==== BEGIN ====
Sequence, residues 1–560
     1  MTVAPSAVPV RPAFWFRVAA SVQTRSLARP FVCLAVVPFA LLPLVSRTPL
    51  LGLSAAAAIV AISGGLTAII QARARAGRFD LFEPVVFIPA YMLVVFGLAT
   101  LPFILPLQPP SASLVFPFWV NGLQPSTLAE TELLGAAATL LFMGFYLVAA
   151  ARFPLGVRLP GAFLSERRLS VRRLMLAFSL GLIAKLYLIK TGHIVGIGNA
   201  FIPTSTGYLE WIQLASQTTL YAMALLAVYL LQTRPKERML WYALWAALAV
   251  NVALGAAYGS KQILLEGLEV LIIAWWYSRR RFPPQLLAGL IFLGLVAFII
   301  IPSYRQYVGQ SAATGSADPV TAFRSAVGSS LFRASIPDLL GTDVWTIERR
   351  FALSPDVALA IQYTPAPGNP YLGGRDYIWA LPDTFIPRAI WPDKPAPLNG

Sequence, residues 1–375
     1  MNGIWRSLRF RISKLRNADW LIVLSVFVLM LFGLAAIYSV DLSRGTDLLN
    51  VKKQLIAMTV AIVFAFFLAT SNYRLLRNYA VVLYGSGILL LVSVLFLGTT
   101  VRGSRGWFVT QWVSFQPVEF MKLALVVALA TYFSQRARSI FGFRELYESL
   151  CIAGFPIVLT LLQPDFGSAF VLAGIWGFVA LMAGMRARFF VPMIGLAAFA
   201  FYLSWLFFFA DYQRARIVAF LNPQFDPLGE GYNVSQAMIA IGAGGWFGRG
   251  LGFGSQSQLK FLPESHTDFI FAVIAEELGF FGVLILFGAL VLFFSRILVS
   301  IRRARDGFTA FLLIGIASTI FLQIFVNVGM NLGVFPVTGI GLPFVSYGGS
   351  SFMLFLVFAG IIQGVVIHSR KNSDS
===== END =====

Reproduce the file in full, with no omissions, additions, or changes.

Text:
Sequence, residues 1–560
     1  MTVAPSAVPV RPAFWFRVAA SVQTRSLARP FVCLAVVPFA LLPLVSRTPL
    51  LGLSAAAAIV AISGGLTAII QARARAGRFD LFEPVVFIPA YMLVVFGLAT
   101  LPFILPLQPP SASLVFPFWV NGLQPSTLAE TELLGAAATL LFMGFYLVAA
   151  ARFPLGVRLP GAFLSERRLS VRRLMLAFSL GLIAKLYLIK TGHIVGIGNA
   201  FIPTSTGYLE WIQLASQTTL YAMALLAVYL LQTRPKERML WYALWAALAV
   251  NVALGAAYGS KQILLEGLEV LIIAWWYSRR RFPPQLLAGL IFLGLVAFII
   301  IPSYRQYVGQ SAATGSADPV TAFRSAVGSS LFRASIPDLL GTDVWTIERR
   351  FALSPDVALA IQYTPAPGNP YLGGRDYIWA LPDTFIPRAI WPDKPAPLNG

Sequence, residues 1–375
     1  MNGIWRSLRF RISKLRNADW LIVLSVFVLM LFGLAAIYSV DLSRGTDLLN
    51  VKKQLIAMTV AIVFAFFLAT SNYRLLRNYA VVLYGSGILL LVSVLFLGTT
   101  VRGSRGWFVT QWVSFQPVEF MKLALVVALA TYFSQRARSI FGFRELYESL
   151  CIAGFPIVLT LLQPDFGSAF VLAGIWGFVA LMAGMRARFF VPMIGLAAFA
   201  FYLSWLFFFA DYQRARIVAF LNPQFDPLGE GYNVSQAMIA IGAGGWFGRG
   251  LGFGSQSQLK FLPESHTDFI FAVIAEELGF FGVLILFGAL VLFFSRILVS
   301  IRRARDGFTA FLLIGIASTI FLQIFVNVGM NLGVFPVTGI GLPFVSYGGS
   351  SFMLFLVFAG IIQGVVIHSR KNSDS